• What is your goal? (What are they reaching towards? It could be something noble like money, success, love, or prestige. Readers like that. 🙂 )
  • What/Who stands in your way? (Why can’t you reach your goal from where you are standing? What do you need in order to get there?)
  • What do you do for a living? Do you like it? Are you good at it?
  • What is your secret dream?
  • What does your home look like? Where do you live?
  • What is your education?
  • What are you secretly embarrassed by?
  • What are your hobbies?
  • What was your family like growing up? Do you have siblings?
  • What is your biggest fear?
  • What do you avoid more than anything else in the world?
  • What is your best strength?
  • What do people like about you?
  • What are you most proud of?
  • What event changed you/your life the most?
  • What do you wish you could do?
  • What are your talents?
  • How do you react to adversity?
  • What music do you like?
  • Who do you have a crush on?
  • What is your religion?
  • What do you believe matters?
  • What is your favourite expression?

What to Do With Character Info

Once you know some of these things about your character, you can put them in your story and even have them working for or against your character. (Maybe they are a sociologist doing a participant study on homelessness, but their use of language and word choices and finicky hygiene habits make them stick out as an imposter and so the people the character needs to get close to end up not trusting them–their own habits, etc., get in the way of their goal.)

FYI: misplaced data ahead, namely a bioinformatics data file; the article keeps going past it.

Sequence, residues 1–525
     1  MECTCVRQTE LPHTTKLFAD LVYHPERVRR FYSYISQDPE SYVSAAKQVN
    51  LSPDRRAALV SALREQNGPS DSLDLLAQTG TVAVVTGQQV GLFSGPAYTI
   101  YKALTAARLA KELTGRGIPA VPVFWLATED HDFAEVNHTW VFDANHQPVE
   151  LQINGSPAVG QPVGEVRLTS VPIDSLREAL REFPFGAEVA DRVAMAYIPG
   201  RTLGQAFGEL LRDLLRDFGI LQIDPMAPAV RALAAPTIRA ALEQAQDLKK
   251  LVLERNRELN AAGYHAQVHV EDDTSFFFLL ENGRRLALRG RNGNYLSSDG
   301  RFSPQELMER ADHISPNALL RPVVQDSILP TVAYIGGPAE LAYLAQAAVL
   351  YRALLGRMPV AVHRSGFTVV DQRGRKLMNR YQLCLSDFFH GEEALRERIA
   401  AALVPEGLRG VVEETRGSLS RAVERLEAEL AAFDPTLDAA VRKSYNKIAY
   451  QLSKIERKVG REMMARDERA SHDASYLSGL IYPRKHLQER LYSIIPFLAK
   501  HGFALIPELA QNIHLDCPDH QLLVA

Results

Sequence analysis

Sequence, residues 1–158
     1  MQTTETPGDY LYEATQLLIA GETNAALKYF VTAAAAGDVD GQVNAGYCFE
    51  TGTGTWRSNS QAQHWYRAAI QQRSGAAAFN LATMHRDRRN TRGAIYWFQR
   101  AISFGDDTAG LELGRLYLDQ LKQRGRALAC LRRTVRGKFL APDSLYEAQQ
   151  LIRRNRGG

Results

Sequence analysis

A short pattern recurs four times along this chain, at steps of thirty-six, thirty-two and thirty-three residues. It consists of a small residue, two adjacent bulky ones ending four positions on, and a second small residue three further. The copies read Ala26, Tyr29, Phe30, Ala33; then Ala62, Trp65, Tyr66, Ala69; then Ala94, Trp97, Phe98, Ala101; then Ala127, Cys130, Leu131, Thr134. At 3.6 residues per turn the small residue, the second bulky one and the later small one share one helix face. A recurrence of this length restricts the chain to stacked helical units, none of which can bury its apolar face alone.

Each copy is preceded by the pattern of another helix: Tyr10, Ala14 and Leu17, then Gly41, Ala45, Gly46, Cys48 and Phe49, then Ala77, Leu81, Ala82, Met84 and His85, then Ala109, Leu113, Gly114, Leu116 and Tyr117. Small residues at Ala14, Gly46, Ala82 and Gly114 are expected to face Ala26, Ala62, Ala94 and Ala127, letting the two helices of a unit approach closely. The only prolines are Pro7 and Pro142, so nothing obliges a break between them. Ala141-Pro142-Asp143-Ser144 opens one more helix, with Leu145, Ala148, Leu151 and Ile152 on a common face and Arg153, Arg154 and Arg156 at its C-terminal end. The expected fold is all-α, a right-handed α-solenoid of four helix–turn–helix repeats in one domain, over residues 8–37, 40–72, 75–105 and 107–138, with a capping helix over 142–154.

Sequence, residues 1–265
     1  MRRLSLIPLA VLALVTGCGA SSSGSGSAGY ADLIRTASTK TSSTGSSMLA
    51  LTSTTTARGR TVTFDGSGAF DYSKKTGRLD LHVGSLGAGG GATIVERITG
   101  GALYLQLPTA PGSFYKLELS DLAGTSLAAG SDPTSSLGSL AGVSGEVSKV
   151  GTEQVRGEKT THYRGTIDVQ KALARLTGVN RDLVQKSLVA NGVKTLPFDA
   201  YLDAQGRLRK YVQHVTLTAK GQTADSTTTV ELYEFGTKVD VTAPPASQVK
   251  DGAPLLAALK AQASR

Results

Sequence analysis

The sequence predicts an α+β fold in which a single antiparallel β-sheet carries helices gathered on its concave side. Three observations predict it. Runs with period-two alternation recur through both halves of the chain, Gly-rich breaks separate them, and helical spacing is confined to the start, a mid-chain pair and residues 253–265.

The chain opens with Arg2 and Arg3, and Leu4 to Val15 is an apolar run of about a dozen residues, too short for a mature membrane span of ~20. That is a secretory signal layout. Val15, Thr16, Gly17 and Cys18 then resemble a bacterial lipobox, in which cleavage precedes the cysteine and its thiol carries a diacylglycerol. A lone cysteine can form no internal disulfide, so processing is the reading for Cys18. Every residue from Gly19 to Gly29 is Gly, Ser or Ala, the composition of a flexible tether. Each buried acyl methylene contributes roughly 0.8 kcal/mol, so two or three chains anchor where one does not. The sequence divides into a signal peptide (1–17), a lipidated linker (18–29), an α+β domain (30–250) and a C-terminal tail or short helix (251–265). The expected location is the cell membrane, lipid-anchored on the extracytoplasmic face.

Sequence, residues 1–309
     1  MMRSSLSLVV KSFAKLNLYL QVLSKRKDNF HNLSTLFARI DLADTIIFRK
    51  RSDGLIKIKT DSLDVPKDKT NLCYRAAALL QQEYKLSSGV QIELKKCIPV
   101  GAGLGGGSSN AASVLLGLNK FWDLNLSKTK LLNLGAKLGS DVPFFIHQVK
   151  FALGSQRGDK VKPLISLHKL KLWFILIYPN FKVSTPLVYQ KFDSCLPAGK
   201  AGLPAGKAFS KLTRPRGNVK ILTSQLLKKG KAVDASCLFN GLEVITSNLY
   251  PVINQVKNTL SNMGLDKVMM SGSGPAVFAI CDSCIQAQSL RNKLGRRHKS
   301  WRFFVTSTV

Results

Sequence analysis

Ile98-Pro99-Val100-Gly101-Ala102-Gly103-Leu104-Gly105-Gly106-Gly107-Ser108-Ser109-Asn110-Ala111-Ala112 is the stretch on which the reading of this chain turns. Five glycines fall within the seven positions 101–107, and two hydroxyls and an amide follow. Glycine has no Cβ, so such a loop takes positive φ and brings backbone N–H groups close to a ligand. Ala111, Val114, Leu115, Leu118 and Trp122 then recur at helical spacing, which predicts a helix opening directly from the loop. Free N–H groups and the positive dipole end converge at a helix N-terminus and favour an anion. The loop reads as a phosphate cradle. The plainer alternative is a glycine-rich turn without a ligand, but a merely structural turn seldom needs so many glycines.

As well, having fully developed characters means they will change–like real people do–when faced with adversity and obstacles. They will adapt and by knowing them (as their creator) we can ensure they do this in a realistic way. And don’t be surprised if their goal changes or if they want the same goal, but for different reasons. That is good! It is a mark of them growing and changing like a fabulous character should. For example, my main character, Mandy, in my current project, Whiskey and Gumdrops, starts out thinking she wants and needs independence, but in the end she realizes she needs the comfort and support of others and by allowing them to help her it doesn’t necessarily mean she isn’t independent. So she learns to accept help in order to get what she wants and needs. Same goal–independence, but learns accepting help is okay too.

How about you? Do you ask your characters questions? Do you consciously think about who your character is when you write?

Click to tweet this post and help other writers: What do you ask? Character building tips for writers.

Posted in writing tips Tagged with: , creating memorable characters,
3 comments on “Character Building Tips for Writers
  1. Jean great blog as my CP and I have been doing a lot of character development and one of the questions we asked was what makes a memorable character and for me it was random acts of kindness. We used some of the questions you posted and gave us several more to use. Thanks!